International pageants such as World’s Fairs or Olympic Games are strange beasts of their very nature. While trying to project an image of a modern, vibrant place, they must necessarily also draw on the familiar in order to reach a wide audience. Sometimes this can be done in eye-catching and engaging fashion—think of the 2012 London Olympics, and their juxtaposition of Horse Guard’s Parade with beach volleyball. Thus these international pageants provide a curious mix of looking to the future at the same time as looking at the past.
The 1904 Olympics, which took place in St Louis, were no exception. Indeed, the Olympics were only held in the city because of the melding of the past and the future. Chicago was originally awarded the Games, much to the chagrin of their near neighbors to the south. St Louis threatened to organize its own athletic extravaganza; fearing that the new Olympic movement would be derailed,Olympic organizers shifted the Games.
Though St Louisan rivalry with Chicago remains a sporting touchstone to the present day, the reason for the particular anger was tied inextricably to the American past. In hoping to announce itself to the world as a major, thriving city, St Louis organized the “Louisiana Purchase Exposition” for 1904 as a means of showing off the promise of the American West. The American future—a future of electrical, industrial, and athletic prowess—owed its significance to the visionary leadership of Thomas Jefferson and the opening of the American West.
The Olympics themselves, and the Exposition of which they were a part, are no longer seen in quite such a rosy glow. Baron de Coubertin was never really satisfied with St Louis, “a mediocrity of a town,” as the host city, and the organization of the Games was largely left to the Exposition’s organizers. The Games themselves managed to beat the boycott wars of 1980 and 1984 in leading to one-sided results; many events were contested solely by Americans. 
Most notoriously of all, the Louisiana Purchase Exposition used humans as displays and as pseudo-scientific objects of study. Though not officially part of the Games, “Anthropology Days” were held during the summer of 1904, in which indigenous peoples from around the world were introduced (briefly) to various athletic competitions, given (perfunctory) training, and then had their performances contrasted unfavorably with (mostly American) champions in the official Olympic sports. Never mind that the competitors at the Anthropology Days were not in St Louis for their sporting expertise; never mind the fact that competitors were pressed to compete in disciplines they’d never come across before. Indeed, in Spalding’s Official Athletic Almanac for the 1904 Olympics, it was proudly noted that the fastest time in the hundred-yard dash had been recorded by George Mentz, “an Americanized Indian.” (p. 251; the report into the Anthropology Days begins on p. 249.)
Spalding’s Almanac makes clear the feelings of American superiority that were tied up with the 1904 Olympics. Only the “Americanized Indians” were mentioned by name in the report; other competitors were reduced solely to their nationality. And repeated comparisons were made to the superiority of American athletes—the “ludicrous” lack of distance on the 56-lb throw, for example, or the comment that “it is doubtful that there is a high school championship that is not won with a better performance.” The ultimate conclusion was that the events proved “conclusively that the savage is not the natural athlete we have been led to believe.”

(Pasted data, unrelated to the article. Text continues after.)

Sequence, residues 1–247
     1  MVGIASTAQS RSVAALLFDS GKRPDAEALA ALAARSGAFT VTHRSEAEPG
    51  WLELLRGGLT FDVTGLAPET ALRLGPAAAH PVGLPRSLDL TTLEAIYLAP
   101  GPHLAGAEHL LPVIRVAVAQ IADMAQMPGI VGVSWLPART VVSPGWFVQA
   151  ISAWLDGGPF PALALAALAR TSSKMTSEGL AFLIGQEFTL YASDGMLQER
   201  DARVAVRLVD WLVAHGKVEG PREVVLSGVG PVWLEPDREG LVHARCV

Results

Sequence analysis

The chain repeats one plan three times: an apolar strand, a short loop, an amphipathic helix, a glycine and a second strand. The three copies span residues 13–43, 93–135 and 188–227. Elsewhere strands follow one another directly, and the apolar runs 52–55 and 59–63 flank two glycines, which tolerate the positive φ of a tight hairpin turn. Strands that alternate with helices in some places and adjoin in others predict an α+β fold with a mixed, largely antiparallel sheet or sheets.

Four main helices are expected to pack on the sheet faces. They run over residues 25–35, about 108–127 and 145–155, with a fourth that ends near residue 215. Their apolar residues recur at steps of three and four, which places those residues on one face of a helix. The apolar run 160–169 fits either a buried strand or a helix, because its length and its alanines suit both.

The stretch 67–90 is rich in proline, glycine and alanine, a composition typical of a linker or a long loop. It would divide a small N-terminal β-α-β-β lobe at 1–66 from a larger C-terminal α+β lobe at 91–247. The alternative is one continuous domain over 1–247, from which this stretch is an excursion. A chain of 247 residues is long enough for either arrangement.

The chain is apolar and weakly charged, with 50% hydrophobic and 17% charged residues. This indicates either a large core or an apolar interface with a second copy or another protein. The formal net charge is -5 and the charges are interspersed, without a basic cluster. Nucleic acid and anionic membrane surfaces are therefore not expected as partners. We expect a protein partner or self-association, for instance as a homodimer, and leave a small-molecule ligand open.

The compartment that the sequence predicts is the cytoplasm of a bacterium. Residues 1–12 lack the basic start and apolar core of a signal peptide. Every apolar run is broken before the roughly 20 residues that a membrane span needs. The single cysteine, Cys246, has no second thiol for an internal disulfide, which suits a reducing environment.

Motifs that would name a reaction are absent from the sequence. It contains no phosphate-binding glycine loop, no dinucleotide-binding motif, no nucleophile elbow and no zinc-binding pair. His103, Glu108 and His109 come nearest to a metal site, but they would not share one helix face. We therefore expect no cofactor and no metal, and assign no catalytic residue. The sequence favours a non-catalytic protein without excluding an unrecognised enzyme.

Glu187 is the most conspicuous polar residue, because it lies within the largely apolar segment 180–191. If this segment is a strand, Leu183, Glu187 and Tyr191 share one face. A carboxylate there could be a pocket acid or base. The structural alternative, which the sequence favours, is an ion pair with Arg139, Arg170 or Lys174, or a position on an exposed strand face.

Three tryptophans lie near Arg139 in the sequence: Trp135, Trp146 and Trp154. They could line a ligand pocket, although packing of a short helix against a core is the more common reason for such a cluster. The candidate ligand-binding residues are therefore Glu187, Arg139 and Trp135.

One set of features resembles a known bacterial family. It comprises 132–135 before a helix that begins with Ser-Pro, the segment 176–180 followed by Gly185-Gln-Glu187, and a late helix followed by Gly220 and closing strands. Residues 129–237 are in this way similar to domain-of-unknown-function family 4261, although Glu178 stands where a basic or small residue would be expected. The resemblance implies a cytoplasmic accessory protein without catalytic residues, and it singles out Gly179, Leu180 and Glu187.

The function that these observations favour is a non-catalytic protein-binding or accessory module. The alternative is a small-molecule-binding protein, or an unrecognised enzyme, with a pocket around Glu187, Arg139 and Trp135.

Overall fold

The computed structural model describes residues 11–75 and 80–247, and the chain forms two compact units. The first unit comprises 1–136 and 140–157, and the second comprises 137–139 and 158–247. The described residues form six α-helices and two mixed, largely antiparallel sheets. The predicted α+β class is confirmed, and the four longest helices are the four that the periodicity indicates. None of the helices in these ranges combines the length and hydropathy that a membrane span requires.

Though these events were not official Olympic events, they were clearly used to contrast American achievement, and the progress of American civilization. These days were also part and parcel of the wider fare of the Exposition; the hill on which native peoples built their accommodations for the summer was symbolically topped by an Indian school, representing the “summit” of assimilation. (Though even then, the feats of the Indian schools who participated in intercollegiate football demonstrations received minimal mention in Spalding’s Almanac).
The 1904 Olympics ultimately demonstrate that sports have been used to advance political and cultural agendas since the advent of organized sports. For an early Americanist historian, it is particularly interesting to see how the Games were tied into a particular exceptionalist vision of America that used the landmark achievement of Jefferson’s Presidency as a launching point for a brand of pseudo-scientific nationalism juxtaposed with the promise of the future. 
The deliberate contrast between the primitive dwellings of indigenous peoples with the Palace of Electricity mirrors that of the contrast of the Anthropology Days with American Olympians. Its use of the early American past was tied explicitly to modern political currents. And while the lack of historical fanfare for the 1904 Olympics owes much to inter-city rivalry and elite European disdain, the result of the unusual circumstances of the St Louis Olympic represent one of the most curious and revealing insights into national culture at the time of staging an Olympic Games.
 Those that were more international frequently had competitors from only one other nation.
 The Missouri History Museum, which stands on the Forest Park turf laid out for the 1904 Exposition, is located in the Jefferson Memorial Building. It houses an exhibition on the 1904 World’s Fair and Olympics that was influential in my thinking in writing this post.
Further reading: Susan Brownell, ed., The 1904 Anthropology Days and Olympic Games: Sport, Race, and American Imperialism. (Lincoln: University of Nebraska Press, 2008).